aspiration for blood, 1 to 2 ml of radiographic contrast is
injected under live fluoroscopy to confirm anterior epidural
spread in the case of the transforaminal injection, or
nerve root spread for the SNRB
the L1 and L2 levels, digital subtraction angiography
should be utilized in the AP and lateral view to better
detect potential vascular spread and the needle tip should
be kept slightly posterior in the foramen to avoid the
artery of Adamkiewicz.
L5 level presents unique challenges
iliac crest is in the line of the needle and
may obstruct its path to the foramen. Normally, this can be
avoided by angling the C-arm more cephalad to line up the
inferior end plates of the L5 vertebral body.
At the L5 level the path
of the needle is
a triangular area formed by the superior
articulating process of S1, the inferior border of the transverse
process of L5, and the iliac crest. The needle
is advanced from a lateral to a medial direction, medial to
the iliac crest, until the tip of the needle projects inferior
to the pedicle.
Patient and C arm position for blockade of the S1 nerve root.
The patient lies prone for blockade of the S1 nerve root. The C-arm is in straight anterior–posterior (AP) projection or with 5 to 10 degrees of ipsilateral lateral angulation
blockade of the S1 nerve root
The needle is advanced through the posterior sacral foramen until the first sacral root is encountered.
in the lumabr technique, Once the appropriate contrast pattern is seen in the anterior epidural space, an AP image is then obtained to confirm
spread of contrast perineurally and/or epidurally as well as
confirmation that no vascular or intrathecal spread has occurred
in the lumbar technique the final target for the SNRB is for the needle
to be extraforaminal whereas with the transforaminal epidural, it is ideal to be in the anterior and superior portion of the foramen
in the lumbar technique, Once appropriate spread of contrast is seen in the ventral
epidural space without vascular or intrathecal uptake
a mixture of 1 ml of saline (or 1% lidocaine or 0.25% bupivicaine)
and either 40 to 80 mg of triamcinolone, 6 mg of betamethasone, or 4 to 8 mg of dexamethasone are injected incrementally
The C-arm position
The T9 to T12 levels are done similarly to the L1 and L2 levels. The C-arm is not rotated quite as oblique to avoid
potential pneumothorax, and the needle is not advanced quite as anterior to avoid the artery of Adamkeiwicz For the T1 to T8 levels, the C-arm should not be rotated more than 15 degrees to avoid pneumothorax, and to
maintain better visualization of the foramen.
At these levels, only the prone position is utilized, but theoretically, the lateral position can be used.
a needle is advanced coaxially with the C-arm
of the fluoroscope to the posterior and medial portion of the
the needle tip is seen just medial and inferior to the pedicle, real-time fluoroscopy with the injection of 1 to 2 ml of contrast under AP and lateral imaging is utilized to confirm
The substances injected are the same as for the lumbar technique, but, methylprednisolone
is not recommended because of its larger particle size
The cervical level is usually approached in the supine position
with the head neutral and a shoulder roll in place. A cushion is useful to keep the patient comfortable and to keep the head in place. The head maybe turned for the lower levels if it makes the needle entry easier. For C1 to C4 levels, the lateral position may be ideal, but for C4 to C8, the supine position is better to keep the shoulders out of the way of the image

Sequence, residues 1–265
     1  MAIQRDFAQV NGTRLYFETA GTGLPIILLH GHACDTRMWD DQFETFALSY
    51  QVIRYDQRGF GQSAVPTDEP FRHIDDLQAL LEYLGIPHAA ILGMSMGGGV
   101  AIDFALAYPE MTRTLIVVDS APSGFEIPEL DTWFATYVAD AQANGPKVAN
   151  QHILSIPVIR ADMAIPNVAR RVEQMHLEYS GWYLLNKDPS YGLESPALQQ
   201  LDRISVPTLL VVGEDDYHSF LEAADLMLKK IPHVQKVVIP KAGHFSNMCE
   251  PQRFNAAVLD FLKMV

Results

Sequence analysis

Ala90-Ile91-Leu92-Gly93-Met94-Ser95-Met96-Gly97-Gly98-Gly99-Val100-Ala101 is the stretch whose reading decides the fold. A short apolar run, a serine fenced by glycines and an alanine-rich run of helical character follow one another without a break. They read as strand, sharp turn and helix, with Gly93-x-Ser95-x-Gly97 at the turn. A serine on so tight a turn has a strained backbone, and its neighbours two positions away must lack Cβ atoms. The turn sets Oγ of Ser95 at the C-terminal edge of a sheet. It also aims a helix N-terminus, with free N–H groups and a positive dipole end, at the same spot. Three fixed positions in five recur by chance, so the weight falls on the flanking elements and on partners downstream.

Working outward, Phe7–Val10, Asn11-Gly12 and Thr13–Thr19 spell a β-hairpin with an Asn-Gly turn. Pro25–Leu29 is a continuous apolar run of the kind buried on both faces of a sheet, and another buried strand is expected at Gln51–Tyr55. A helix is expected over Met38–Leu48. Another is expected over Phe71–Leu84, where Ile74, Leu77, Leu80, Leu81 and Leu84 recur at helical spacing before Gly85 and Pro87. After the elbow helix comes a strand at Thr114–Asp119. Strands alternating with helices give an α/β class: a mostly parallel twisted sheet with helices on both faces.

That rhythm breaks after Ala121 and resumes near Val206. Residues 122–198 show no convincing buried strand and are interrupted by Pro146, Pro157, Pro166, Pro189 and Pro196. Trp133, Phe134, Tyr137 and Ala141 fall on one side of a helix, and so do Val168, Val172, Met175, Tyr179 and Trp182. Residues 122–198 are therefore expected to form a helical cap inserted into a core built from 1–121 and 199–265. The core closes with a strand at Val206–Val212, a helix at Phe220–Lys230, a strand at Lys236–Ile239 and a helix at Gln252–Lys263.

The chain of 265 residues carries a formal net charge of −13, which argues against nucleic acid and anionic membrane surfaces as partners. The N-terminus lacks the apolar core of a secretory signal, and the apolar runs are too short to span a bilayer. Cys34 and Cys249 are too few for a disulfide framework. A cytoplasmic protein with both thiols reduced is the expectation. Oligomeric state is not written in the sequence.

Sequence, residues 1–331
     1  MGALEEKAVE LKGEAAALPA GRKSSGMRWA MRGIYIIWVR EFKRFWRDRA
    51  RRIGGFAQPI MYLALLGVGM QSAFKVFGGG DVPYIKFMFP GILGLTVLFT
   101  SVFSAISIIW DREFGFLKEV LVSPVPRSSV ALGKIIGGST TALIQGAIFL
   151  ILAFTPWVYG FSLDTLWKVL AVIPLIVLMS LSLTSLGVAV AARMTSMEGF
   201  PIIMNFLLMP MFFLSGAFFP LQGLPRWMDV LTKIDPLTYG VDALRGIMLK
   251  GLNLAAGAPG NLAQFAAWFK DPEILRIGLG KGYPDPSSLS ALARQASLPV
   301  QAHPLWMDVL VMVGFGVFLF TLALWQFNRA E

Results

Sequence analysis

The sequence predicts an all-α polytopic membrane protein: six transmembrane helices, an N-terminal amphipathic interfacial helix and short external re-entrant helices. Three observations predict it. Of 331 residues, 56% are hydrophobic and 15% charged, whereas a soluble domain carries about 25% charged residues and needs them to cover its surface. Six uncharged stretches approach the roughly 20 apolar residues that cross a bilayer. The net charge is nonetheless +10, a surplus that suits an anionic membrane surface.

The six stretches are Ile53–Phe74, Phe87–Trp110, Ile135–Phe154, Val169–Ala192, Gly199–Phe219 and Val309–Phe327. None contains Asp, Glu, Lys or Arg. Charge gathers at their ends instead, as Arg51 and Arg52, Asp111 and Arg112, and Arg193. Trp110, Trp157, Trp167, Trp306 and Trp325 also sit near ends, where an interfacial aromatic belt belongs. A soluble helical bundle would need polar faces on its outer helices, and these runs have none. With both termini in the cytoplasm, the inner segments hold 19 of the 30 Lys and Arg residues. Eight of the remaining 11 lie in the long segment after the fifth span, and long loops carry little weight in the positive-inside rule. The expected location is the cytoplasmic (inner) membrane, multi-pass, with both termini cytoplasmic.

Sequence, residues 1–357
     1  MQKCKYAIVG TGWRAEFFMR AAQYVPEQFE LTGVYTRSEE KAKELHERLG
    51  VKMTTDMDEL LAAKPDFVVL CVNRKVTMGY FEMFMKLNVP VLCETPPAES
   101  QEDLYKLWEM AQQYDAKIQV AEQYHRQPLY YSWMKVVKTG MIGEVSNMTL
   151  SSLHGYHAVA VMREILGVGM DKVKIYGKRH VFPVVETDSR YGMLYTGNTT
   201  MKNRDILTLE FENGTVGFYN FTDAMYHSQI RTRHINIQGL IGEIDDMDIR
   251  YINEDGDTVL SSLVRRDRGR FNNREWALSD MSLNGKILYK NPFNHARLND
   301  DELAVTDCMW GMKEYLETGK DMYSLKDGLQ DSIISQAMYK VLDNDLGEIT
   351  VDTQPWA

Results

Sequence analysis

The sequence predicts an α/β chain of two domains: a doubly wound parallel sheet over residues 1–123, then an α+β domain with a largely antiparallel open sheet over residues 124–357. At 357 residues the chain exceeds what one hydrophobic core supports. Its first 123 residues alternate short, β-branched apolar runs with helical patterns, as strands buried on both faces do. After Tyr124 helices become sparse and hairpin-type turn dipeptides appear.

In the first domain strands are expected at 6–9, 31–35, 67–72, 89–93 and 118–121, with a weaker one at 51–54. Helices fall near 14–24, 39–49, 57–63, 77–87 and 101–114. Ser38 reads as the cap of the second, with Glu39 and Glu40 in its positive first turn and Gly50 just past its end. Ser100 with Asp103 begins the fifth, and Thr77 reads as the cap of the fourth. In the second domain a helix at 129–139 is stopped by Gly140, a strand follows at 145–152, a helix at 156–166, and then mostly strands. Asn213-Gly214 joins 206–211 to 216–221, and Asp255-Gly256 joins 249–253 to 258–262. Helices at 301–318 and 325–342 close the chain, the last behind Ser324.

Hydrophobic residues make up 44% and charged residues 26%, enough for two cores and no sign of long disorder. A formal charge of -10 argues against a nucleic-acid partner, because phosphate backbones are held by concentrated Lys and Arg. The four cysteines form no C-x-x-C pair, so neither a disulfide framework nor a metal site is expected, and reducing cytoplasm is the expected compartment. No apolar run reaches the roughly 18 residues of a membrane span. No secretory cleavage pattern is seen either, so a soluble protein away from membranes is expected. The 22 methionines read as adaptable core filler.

image is now a PA rather
than an AP image unless the C-arm is inverted.24 The fluoroscope
is rotated oblique ipsilaterally to visualize all of the
borders of the foramen.
The initial target is the
most posterior and inferior part of the foramen in order to avoid the vertebral artery anteriorly or placing the needle to medially into the spinal canal
CERVICAL TECHNIQUE Goal
The goal is to make contact with the superior articular process posteriorly to gauge the medial safety margin. In order to do this, a coaxial
view of the needle is crucial. Once the needle contacts the
posterior portion of the foramen, the needle can be walked
slightly anteriorly into the foramen. The fluoroscope is then rotated back to PA to determine the medial
location of the needle tip.
angiography (DSA) should be used for all
cervical transforaminal or selective nerve root injections because
the consequence of not detecting intravascular spread of contrast can lead to catastrophic complications
The needle should not be advanced more than
one-third of the facet column on the AP view. If perineural or epidural spread is not noted, the needle can be advanced slightly farther in the PA plane. Once appropriate epidural or perineural spread is noted without vascular uptake, a mixture of 1 ml of saline (or 1% lidocaine) and either 40 mg of triamcinolone, 6 mg of betamethasone, or 4 mg of dexamethasone are injected slowly.
The presence of pain during an SNRB is not a very reliable sign that
needle touched the nerve root sheath.The needle may have irritated sensitive structures such as
the joint capsule, periosteum, and annulus fibrosus and may cause referred pain to the leg
Causes of SELECTIVE NERVE ROOT BLOCKS
lateral recess stenosis, central canal stenosis, or pedicular kinking
Spinal injections may cause infectious, cardiovascular, neurologic, and bleeding complications. Exposure to x-ray
radiation and adverse, allergic, and anaphylactic reactions to the medications and the dye are added risks
Risks specific to TFESI and SNRBs include
trauma to the spinal nerve,
intrathecal injection if the needle penetrates the dural root
sleeve, or segmental epidural when the medication is injected
into the epidural space via the neural foramen
Trauma to the artery of Adamkiewicz may cause
paraplegia and trauma to the segmental artery, which travels with the nerve root, may result in segmental cord infarct.
Cervical TFESIs and SNRBs are inherently riskier
Spinal cord trauma, arterial injury, blindness, and brain or spinal cord infarct are added risks
methylprednisolone use in lumbar selective nerve root injections NOT cervical SNRBs
methylprednisolone has the largest particle size of all of the steroids and easily precipitates. If injected through the any of the susceptible arteries including the vertebral, ascending
cervical and deep cervical arteries, it may cause a segmental
spinal cord infarct or settle in an end-artery in the brain causing a small infarct.
Steroids used in cervical SNRBs
Triamcinolone has intermediate particle and maybe used. Betamethasone has the smallest size and should preferably be used if available
indication for epidural steroid injections is
nerve root irritation